A loved one passed away. When the will was presented, you were shocked. You could not believe it was accurate. Can you contest it?
Possibly. Two groups of people typically have a legal right to do so:
Courts do not want distant relatives challenging a will. Just because someone's cousin or nephew did not inherit anything does not mean a court case is needed.
The court usually considers who would have gotten that person's assets if the will had not been written prior to death. That usually means the person's spouse, if he or she was married, and children. Grandchildren may be included.
People from prior wills who were then cut out
This category can be more broad. The people named do not have to be close relatives. They just have to have a stake in the process. They lost something because of the will.
For instance, maybe you are a close family friend. You would have no normal legal claim, but the deceased promised you a cabin on the lake before passing away. The two of you had shared some great weekends there over the years.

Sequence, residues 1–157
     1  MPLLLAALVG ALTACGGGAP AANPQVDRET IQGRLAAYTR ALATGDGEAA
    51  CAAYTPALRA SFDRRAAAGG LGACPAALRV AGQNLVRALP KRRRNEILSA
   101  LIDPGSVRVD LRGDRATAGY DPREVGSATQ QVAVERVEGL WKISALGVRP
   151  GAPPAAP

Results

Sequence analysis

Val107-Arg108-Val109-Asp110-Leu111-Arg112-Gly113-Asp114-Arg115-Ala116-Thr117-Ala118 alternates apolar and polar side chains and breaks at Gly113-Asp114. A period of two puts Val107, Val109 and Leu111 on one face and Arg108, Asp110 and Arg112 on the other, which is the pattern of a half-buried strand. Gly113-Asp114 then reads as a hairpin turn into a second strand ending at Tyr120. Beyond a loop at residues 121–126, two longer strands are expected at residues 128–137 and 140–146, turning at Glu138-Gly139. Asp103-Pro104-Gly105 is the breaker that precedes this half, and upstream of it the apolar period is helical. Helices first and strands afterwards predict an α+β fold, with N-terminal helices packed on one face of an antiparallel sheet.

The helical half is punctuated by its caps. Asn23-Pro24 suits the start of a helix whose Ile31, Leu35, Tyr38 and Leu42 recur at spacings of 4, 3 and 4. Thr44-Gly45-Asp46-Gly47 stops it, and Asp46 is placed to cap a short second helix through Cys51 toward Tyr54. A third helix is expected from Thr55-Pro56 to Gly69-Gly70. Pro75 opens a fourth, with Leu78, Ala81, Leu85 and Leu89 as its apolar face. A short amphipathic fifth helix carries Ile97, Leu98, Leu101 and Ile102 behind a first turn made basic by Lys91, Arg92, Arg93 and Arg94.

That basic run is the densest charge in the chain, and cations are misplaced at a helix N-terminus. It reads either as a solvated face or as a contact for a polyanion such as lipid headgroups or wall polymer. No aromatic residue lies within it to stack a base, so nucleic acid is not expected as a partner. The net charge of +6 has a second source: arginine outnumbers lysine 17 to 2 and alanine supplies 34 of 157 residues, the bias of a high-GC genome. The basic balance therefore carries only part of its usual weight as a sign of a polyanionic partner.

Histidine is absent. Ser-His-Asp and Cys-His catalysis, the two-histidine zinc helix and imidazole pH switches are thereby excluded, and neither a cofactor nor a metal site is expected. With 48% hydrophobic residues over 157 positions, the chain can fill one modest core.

In the first draft of the will, the cabin went to you. In the most recent draft, though, it was given to the children. You believe the children may have altered the will to keep the property in the family -- they had no relationship with you, after all -- and you do have a legal right to contest that will.
Starting the process
Contesting a will can be a complex process, and the burden of proof falls on you. Make sure you know what legal options you have.
For those writing a will, be sure to consider who can contest it and how the way the will is drafted can cause conflict in the future. In many cases, challenges can be avoided with careful estate planning.
Source: The Balance, "Who Can Contest A Will?," Julie Garber, accessed April 26, 2018